Structural basis of water-specific transport through the AQP1 water channel

H. Sui, B. G. Han, J. K. Lee, P. Walian, B. K. Jap

Research output: Contribution to journalArticlepeer-review

853 Scopus citations

Abstract

Water channels facilitate the rapid transport of water across cell membranes in response to osmotic gradients. These channels are believed to be involved in many physiological processes that include renal water conservation, neuro-homeostasis, digestion, regulation of body temperature and reproduction. Members of the water channel superfamily have been found in a range of cell types from bacteria to human. In mammals, there are currently 10 families of water channels, referred to as aquaporins (AQP): AQPO-AQP9. Here we report the structure of the aquaporin 1 (AQP1) water channel to 2.2 Å resolution. The channel consists of three topological elements, an extracellular and a cytoplasmic vestibule connected by an extended narrow pore or selectivity filter. Within the selectivity filter, four bound waters are localized along three hydrophilic nodes, which punctuate an otherwise extremely hydrophobic pore segment. This unusual combination of a long hydrophobic pore and a minimal number of solute binding sites facilitates rapid water transport. Residues of the constriction region, in particular histidine 182, which is conserved among all known water-specific channels, are critical in establishing water specificity. Our analysis of the AQP1 pore also indicates that the transport of protons through this channel is highly energetically unfavourable.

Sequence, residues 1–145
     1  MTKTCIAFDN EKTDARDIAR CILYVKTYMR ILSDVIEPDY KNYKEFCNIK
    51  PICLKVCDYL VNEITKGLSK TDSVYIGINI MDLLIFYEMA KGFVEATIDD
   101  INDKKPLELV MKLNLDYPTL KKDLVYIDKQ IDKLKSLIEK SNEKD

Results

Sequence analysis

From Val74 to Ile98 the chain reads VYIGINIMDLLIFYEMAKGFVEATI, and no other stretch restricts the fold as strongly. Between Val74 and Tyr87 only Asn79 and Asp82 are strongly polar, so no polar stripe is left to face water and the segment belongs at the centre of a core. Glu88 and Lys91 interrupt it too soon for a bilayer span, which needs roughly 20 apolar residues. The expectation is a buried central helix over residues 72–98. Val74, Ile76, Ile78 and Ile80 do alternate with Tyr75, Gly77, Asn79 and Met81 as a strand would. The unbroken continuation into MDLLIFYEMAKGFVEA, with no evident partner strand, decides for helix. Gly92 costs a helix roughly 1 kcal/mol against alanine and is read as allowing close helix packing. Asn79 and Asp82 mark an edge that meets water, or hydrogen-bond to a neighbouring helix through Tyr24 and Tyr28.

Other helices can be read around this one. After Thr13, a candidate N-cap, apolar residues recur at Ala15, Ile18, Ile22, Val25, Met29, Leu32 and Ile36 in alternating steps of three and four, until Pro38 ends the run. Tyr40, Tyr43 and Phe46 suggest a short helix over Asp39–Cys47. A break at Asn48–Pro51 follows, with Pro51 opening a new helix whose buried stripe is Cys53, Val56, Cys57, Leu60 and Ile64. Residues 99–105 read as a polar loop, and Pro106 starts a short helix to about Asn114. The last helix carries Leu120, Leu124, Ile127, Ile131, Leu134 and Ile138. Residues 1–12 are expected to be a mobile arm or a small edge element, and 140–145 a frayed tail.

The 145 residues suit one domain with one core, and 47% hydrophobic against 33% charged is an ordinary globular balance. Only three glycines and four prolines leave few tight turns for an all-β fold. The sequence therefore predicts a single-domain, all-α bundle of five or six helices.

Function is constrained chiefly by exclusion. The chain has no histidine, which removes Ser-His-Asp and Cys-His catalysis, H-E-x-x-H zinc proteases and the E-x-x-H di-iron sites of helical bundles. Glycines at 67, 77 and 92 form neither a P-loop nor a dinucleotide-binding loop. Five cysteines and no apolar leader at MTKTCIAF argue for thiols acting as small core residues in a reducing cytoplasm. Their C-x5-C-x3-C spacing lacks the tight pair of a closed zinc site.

Original languageEnglish (US)
Pages (from-to)872-878
Number of pages7
JournalNature
Volume414
Issue number6866
DOIs
StatePublished - Dec 20 2001

Bibliographical note

Funding Information:
Preliminary data collection and screening for heavy-atom derivatives were conducted at beamlines X25 at the National Synchrotron Light Source and 1–5 at Stanford Synchrotron Radiation Laboratory; data sets used in determining the model were collected at Beamline 5.0.2, Advanced Light Source, Lawrence Berkeley National Laboratory. We would like to thank all staff members of these beamlines for their assistance and B.-C. Wang for discussions on heavy-atom position refinement. This work is supported by funding from the National Institutes of Health and by the Office of Health and Environmental Research, US Department of Energy. The coordinates have been deposited in the Protein Data Bank under accession number 1J4N.

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